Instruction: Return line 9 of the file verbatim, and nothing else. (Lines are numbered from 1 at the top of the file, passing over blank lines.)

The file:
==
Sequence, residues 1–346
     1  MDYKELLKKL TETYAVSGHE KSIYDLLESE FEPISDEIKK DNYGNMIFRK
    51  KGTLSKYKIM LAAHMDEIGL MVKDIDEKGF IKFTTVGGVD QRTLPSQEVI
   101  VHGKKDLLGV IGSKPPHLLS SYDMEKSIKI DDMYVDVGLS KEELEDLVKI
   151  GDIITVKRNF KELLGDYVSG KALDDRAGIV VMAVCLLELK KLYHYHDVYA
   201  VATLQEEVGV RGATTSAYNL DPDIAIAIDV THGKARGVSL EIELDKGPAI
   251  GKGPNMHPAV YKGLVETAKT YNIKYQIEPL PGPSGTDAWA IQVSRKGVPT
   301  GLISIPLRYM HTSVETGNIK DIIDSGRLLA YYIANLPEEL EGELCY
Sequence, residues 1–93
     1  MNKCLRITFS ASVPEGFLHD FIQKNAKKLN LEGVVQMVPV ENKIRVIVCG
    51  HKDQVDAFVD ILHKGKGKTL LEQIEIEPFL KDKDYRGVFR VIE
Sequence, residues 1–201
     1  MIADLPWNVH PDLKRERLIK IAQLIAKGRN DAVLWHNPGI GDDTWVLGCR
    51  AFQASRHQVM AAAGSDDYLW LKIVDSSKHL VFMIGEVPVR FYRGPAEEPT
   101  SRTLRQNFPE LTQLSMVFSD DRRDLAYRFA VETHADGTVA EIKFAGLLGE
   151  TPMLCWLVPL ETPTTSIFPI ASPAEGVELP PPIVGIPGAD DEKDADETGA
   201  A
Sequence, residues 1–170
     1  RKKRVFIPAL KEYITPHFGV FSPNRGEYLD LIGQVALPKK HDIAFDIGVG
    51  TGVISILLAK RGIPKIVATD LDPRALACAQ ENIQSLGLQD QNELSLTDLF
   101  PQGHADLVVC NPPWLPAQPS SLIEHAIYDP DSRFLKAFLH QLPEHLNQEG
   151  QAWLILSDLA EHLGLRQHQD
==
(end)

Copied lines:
Sequence, residues 1–93